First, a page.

It reminds me of a saying my grandmother used to day:

“Why stand when you can sit? Why sit when you can lie down? Why pass up a chance to go to the bathroom?”

That same day, we made a trip to my favorite used bookstore. The guy who owns it is probably my age and usually you can find him crouched in a corner behind some huge stack of used dusty old books. There is a “dark and dingy old used book seller” feel about him. I tend to feel that he possibly sleeps on the old Victorian couch in the middle of the gardening book section, every night.

A word that comes to mind to describe him is “squirrelly”. 

But there is something about him and his place that I totally dig. The rare books. The children’s book section of new books. The coffee table books that have ripped covers from sitting in someone else’s living room for thirty years. I can pick up some good chick-lit for a few bucks off the outside table.

I brought the kids to the children’s room and let them each pick out three books. Red, who can read pretty much anything picked out three chapter books. Blue, who can read words like “me”, “love” and “Mommy”, looked around frantically, trying to keep up with the pace of her older sister. Ends up, she chose the same chapter books. Which she refuses to let me read to her. But she has been carrying them around with her proudly for the last three weeks.

I decided that I totally like making out. I mean, I know I liked it, but realize that making out doesn’t happen often…you know, just alot of time sucking face and not having any clothes ripped off or anything. Yeah, piano man reminds me that making out is an okay place to carry on for a while. Granted, time and place has an effect on that. A visit after the girls were in bed a few weeks ago, kept things appropriate.

Because I LOVE my new Mac, and piano man was actually with me when I bought it, we have hooked up via ichat when he goes back up north for the greater portion of the week.

This thing is amazing.

My favorite is when I say “PLAY ME A SONG!” and he sets the laptop up on his piano and I can watch and hear him play and he then he sings to me.


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A big diet

I’m on a diet. I have been for a while. I kind of broke down on the money diet when I bought this MacBook but it is a necessity and am looking forward to writing it off on my taxes for my business as well as using it to do better business.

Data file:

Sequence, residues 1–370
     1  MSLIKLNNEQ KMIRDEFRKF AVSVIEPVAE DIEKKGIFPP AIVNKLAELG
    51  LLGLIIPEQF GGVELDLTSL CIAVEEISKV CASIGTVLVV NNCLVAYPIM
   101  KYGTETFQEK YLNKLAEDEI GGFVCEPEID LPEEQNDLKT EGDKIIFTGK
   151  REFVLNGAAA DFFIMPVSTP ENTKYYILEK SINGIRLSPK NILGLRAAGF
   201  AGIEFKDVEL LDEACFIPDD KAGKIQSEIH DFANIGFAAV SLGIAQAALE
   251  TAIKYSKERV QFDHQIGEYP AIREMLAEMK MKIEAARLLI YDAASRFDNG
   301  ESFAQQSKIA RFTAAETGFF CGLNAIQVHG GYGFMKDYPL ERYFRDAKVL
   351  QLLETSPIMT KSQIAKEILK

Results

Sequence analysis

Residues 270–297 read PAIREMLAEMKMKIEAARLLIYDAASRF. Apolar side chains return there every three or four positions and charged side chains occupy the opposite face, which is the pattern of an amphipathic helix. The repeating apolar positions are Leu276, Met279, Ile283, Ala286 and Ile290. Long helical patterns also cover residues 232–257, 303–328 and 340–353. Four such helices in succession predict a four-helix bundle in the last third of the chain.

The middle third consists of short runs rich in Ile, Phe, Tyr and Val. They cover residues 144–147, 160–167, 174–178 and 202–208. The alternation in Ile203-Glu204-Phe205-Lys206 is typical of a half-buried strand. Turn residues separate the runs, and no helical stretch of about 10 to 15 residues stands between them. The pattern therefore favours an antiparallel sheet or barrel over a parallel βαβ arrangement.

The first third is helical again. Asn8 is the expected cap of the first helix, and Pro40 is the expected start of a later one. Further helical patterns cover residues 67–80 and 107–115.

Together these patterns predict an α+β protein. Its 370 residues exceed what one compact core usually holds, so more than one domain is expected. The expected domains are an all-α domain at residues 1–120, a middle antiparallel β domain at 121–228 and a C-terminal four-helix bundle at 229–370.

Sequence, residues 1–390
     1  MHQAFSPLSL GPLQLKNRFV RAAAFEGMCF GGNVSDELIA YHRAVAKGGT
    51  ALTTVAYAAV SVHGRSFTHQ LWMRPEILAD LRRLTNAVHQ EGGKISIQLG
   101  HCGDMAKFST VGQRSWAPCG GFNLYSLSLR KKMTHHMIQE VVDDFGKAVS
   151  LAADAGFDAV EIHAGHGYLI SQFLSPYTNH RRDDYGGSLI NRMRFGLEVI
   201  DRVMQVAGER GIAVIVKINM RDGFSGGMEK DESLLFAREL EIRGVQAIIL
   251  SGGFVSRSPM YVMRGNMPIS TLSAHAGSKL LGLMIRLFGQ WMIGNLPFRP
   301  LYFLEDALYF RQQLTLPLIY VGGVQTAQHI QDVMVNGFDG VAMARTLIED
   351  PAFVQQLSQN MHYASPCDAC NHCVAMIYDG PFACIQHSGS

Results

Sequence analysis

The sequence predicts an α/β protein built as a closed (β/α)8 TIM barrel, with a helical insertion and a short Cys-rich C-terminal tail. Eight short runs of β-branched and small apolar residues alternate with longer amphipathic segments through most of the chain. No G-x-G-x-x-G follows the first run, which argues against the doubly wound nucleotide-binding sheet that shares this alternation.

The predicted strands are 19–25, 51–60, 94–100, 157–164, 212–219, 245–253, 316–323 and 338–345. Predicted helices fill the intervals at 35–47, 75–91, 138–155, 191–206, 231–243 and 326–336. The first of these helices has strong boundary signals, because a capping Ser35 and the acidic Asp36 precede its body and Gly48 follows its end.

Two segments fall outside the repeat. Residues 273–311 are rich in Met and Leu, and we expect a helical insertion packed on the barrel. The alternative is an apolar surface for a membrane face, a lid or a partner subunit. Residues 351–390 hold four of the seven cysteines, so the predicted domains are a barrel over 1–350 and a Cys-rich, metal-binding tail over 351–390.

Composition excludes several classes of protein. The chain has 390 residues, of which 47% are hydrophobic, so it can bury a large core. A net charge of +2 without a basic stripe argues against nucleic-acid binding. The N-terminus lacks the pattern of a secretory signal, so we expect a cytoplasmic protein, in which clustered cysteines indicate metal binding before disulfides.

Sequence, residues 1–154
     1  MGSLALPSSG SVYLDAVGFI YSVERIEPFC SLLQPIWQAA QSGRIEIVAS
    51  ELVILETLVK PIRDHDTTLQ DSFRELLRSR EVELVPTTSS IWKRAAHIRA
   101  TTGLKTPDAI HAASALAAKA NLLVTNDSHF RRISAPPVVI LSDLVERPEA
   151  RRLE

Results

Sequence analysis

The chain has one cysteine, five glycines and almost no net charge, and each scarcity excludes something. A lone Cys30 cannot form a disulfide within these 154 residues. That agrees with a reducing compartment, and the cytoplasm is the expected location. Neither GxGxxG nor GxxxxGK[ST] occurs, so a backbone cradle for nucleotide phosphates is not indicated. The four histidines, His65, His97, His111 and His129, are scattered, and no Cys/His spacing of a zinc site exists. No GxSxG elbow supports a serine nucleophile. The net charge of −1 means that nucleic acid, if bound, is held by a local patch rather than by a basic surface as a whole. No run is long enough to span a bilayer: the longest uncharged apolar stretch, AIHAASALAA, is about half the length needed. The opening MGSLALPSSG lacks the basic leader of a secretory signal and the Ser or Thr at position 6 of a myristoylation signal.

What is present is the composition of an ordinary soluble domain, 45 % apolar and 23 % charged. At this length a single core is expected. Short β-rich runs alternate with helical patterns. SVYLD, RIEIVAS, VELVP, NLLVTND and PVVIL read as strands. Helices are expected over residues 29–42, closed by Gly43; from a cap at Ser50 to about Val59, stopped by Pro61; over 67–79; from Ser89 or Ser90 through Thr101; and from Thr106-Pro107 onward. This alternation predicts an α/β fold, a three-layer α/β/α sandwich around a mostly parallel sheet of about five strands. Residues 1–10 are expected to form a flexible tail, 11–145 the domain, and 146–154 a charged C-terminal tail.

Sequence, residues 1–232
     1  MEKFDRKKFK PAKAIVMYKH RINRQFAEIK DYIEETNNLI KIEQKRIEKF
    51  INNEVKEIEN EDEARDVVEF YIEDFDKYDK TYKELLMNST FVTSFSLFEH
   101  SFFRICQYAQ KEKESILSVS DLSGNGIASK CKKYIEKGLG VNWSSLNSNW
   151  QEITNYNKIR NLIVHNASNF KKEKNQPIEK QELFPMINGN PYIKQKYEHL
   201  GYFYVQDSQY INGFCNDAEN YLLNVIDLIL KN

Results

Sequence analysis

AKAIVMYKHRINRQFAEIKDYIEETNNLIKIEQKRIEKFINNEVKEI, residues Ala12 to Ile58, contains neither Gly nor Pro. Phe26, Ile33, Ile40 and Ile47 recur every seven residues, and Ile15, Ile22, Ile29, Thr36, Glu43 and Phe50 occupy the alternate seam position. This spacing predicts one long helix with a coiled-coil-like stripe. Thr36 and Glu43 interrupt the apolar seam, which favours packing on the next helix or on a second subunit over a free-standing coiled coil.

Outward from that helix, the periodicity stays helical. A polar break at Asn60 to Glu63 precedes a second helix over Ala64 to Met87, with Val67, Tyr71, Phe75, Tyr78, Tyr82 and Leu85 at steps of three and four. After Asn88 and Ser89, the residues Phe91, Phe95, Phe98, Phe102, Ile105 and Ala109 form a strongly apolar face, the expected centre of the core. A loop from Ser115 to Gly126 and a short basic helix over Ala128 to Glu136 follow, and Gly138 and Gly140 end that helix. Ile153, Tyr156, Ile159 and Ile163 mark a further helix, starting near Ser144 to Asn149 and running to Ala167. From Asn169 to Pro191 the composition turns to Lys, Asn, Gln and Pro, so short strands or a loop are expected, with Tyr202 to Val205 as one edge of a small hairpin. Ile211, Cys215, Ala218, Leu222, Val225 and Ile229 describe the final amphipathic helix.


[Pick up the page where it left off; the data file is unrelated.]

I’ve had to put myself on an itunes diet. Because my credit card kind of added up to about $50 worth of music last month. Yikes. Instead, this month, I’ve been going through old cds and loading them in…feels like new music since I haven’t listened to some of it since 1990.

My man diet is kind of mediocre. Okay. I broke the man diet. I like the piano man alot. I like that I don’t feel smothered in a big old relationship thingy. But like that we enjoy our time together and I laugh my head off. And he doesn’t think I am weird. And although he is totally weird, I totally get him.

I also have no interest in any other men. I don’t pine for Ohio anymore or wish things were different. I definitely don’t miss psychotic Steam. 

I am on a diet from yelling at the kids. But it’s hard when my 7 year old just doesn’t “hear” me. Yesterday she was cranky and when I begged her to stop, she cried “it’s because with Daddy, we went to bed at nine or ten every night!” (their bedtime at my house is 7:30ish).  We’ve had some good talks the last few days, the girls and I. We talk about how hitting each other or throwing the tape measure across the room at one another, is a BAD IDEA. And I explained that if they were grown up and did that, depending on the circumstance, they could go to jail. For instance, if they were at the local CVS and decided to throw some massive tape measure at some person walking down the aisle, the police would be called and they’d probably get hauled off to jail. Same thing at home. You throw the tape measure, storytime, tv, Polly Pockets and arts and crafts get taken away (yes, arts and crafts taken away are the biggest punishment, apparently) and you go to “jail”. “Jail” in our house is the hallway. There are no toys. No windows. Nothing to do or see. Just a chair and the rug and a mirror to look at your jailed face. Unfortunately, they’ve made do with the mirror and come out of “jail” with a great comedy act they’ve practiced for the last fifteen minutes, in the damn mirror.

I am on a diet from stressing out. On my list is applying for a very stuffy art association membership. I went to the art auction a few weeks ago and about 98 percent of the work, was plain vanilla to me. It was ridiculous. The few pieces I loved that were unique and colorful and stood out, went for pennies. The boring local landscape pastel watercolors and oils, went for thousands and thousands. So, not so sure my work will fit in. The date of submission is the 5th and I am seriously considering on excusing myself this year from applying and waiting until next year, merely because I have 5 other events I am planning and painting and marketing for. The art association is juried for membership. Which means I have to have signatures of other artists who can vouch for me that I am good enough or something. And I submit original work. And I hand deliver it. And then they call me to let me know if I should either a) celebrate and leave the paintings for a year or b) come pick up my work with a big reject stamp on my forehead as I walk away.

It sucks since the sign to the association is across the street from my front windows. If I don’t get accepted, it will continue to stare me in the face, shouting “FAILURE!”